Power rivals of the United States recognize the need for advancing their information warfighting capacity, and in an era of great power competition, the force that can adapt to threats across domains are the likeliest to succeed…provided the information is accurate, relevant, and commanders make the right call in reacting or pre-empting those threats. Based on these DoD efforts to set the foundation for a fast, multi-domain cloud of information sharing, the US appears to be taking this warfighting paradigm shift seriously.
The views are of the author, and do not reflect the views, position, or policy of the U.S. Air Force or Department of Defense.
News You May Have Missed
According to details in a report issued by the United Nations, Saudi Crown Prince Mohammed bin Salman, better known as MBS, sent a WhatsApp message with a video attachment containing malware to the phone of Jeff Bezos, founder of Amazon and owner of The Washington Post. The report indicates that the hacking was part of tensions between Bezos and MBS, following the brutal murder of Jamal Khashoggi in the Saudi consulate in Istanbul, as well as that the hacking was likely carried out by Israeli private sector hackers contracted by the Saudis.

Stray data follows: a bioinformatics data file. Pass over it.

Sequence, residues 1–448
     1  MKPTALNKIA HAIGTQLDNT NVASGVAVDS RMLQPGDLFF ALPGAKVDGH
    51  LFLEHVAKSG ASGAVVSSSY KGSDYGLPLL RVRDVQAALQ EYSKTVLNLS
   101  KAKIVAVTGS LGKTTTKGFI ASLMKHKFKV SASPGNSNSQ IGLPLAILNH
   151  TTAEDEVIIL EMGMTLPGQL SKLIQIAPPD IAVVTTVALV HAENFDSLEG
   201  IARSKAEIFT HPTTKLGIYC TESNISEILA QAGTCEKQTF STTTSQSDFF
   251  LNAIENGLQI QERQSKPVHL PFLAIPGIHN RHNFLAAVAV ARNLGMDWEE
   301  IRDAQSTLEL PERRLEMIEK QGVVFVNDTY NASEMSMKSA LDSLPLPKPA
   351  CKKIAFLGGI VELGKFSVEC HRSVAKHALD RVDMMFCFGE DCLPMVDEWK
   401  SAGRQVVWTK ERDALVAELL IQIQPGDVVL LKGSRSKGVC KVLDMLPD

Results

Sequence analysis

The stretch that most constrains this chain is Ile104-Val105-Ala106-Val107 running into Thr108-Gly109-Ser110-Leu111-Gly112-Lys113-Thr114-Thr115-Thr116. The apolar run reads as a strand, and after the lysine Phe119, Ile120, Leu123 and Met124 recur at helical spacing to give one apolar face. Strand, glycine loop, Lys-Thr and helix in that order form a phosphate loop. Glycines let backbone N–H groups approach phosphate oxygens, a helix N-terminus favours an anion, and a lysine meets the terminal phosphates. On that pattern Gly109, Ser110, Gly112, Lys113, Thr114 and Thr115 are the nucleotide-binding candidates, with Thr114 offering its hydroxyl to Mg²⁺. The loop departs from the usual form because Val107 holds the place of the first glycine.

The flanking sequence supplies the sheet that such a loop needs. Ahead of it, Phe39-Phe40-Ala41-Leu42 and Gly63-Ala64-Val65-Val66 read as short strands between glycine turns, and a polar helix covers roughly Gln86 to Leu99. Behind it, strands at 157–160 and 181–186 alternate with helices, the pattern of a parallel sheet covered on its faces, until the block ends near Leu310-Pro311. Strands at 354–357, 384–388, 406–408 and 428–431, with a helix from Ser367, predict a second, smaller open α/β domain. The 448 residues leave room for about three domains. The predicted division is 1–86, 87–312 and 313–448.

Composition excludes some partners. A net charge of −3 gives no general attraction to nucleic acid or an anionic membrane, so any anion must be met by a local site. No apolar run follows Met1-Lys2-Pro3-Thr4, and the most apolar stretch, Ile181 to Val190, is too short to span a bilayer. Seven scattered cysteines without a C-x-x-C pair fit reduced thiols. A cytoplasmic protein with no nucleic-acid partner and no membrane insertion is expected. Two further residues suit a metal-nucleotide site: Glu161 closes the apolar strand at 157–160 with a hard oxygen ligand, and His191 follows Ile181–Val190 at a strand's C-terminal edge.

Known for his calm seriousness as a news anchor and moderator of presidential debates from 1988 to 2012, Lehrer passed away “peacefully in his sleep” according to a statement released by his family. One of the giants in political and national journalism, we should take to heart what Lehrer said about how he and his longtime TV partner, Robert MacNeil approached reporting on politics and national affairs, “we both believed the American people were not as stupid as some of the folks publishing and programming for them believed.”
While Netflix has taken its latest quarterly report as an opportunity to crow about some of the viewing figures for its streaming service, others have noted that Netflix has changed the metrics used to determine viewership, stating that users have “chosen to watch” a program after just two minutes of viewing — which, to be fair, is also the metric used by YouTube and the BBC’s streaming service. Critics have pointed out that similar chicanery that boosted video rating numbers at Facebook led to a premature “pivot to video” by many online outlets, with journalists laid off and customers unhappy with having to watch, instead of read, their content.
The views of authors are their own, and not that of CSPC.